But the party needs to stop reaching for it as an opening gambit. It is now stuck in the dark ages in its approach to party management. Social media allows a light to be shone into the darkest crevices. If we espouse “the new politics” then we need to show we practice it too. It is massively damaging when we are seen to have feet of clay.

Also, it is not enough to simply cry “long live the king” and expect everyone to move along and get behind the eventual winner. This mess is not the fault of the local party members. They have already been let down by Denis MacShane. They have been let down again by the party. Emotions are raw and although Sarah Champion runs a children’s hospice and is, on the face of it, an entirely suitable candidate, the circumstances of her selection are shoddy.

Today sees close of nominations in Rotherham. The die is cast. The campaign has begun. However an acceptance from the party leadership that this was not Labour’s finest hour would be a helpful start in repairing the damage.

Kevin Meagher is associate editor of Labour Uncut

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8 Responses to “The Rotherham selection is a case study in how not to manage a party”

  1. swatantra says:

    Absolutely agree! The Party seems to make a dogs breakfast of selections these days and is determined to shoot itself in the foot every time.
    For once can we have a real person being selected instead of a Party automaton. Someone like a Real Trade Unionist bloke (ok I know he’s only a lawyer), or the Local BAME Bloke Maroof Hussain.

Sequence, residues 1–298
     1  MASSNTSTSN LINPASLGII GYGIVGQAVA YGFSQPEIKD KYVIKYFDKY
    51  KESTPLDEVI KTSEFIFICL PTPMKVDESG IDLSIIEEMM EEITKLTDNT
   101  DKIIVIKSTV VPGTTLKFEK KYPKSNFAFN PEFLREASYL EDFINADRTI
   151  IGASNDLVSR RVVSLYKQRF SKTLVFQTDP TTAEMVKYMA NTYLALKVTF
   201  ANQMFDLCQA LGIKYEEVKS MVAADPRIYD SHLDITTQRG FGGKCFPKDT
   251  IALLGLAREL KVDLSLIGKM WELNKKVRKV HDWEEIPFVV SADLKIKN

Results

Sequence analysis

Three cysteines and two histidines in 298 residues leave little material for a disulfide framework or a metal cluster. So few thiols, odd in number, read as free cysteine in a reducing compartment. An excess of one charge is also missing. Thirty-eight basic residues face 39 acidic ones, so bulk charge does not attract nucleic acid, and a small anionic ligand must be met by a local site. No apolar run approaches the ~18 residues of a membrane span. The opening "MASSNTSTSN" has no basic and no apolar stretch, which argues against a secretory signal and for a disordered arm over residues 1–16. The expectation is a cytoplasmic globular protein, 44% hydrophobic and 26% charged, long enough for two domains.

Its only a by election for gods sake. Make it local and make it an ordinary bloke.
    They’ll only be there for 2 years anyway. If we get it wrong, then we can get someone else in next time

  2. Les Abbey says:

    Kevin I think you meant Henry Ford the car maker rather than John Ford the director of films such as How green Was My Valley.

    Still back to the shambles in Rotherham. It was wrong on so many different levels, but to take just one, the publicity can do nothing but damage the party nationally and help the Respect candidate locally. Whoever was/were responsible for the shortlist decision should resign their party posts, and if this goes as far as Harriet Harman then she too.

  3. Ray_North says:

    We’re not commenting on the selection process – but here is our guide to the constituency – everything you need to know including stats, maps, facts and figures – all lovingly prepared by us – follow the link for our guide:

  4. Robert says:

    Ordinary bloke, as not an ordinary women then.

    The real problem for Mcshane of course is that a hell of a lot of people did the same thing and walked away free, oh I asked a tax adviser if I could get away with flipping my home once twice or maybe three times.

    My self I see little difference between a bloke from a Union these days then a hand picked Secretary of some ministers they all end up filling pockets.

  5. Rob Marchant says:

    Kevin, one other thing: not sure it was not the madness of imposing All Women Shortlist in this case. We are getting more and more bonkers on the issue of quotas.

  6. Kevin says:

    Les – what can I say. Freudian slip, was toying with a film metaphor and his name just popped in there…

  7. Kevin says:

    Rob – agree. Perhaps we should have a localist quota: let members choose who they want

  8. Mike Homfray says:

    For once I agree with Rob. I think that its time to put quotas to bed. There is a good chance that local people will simply sit on their hands.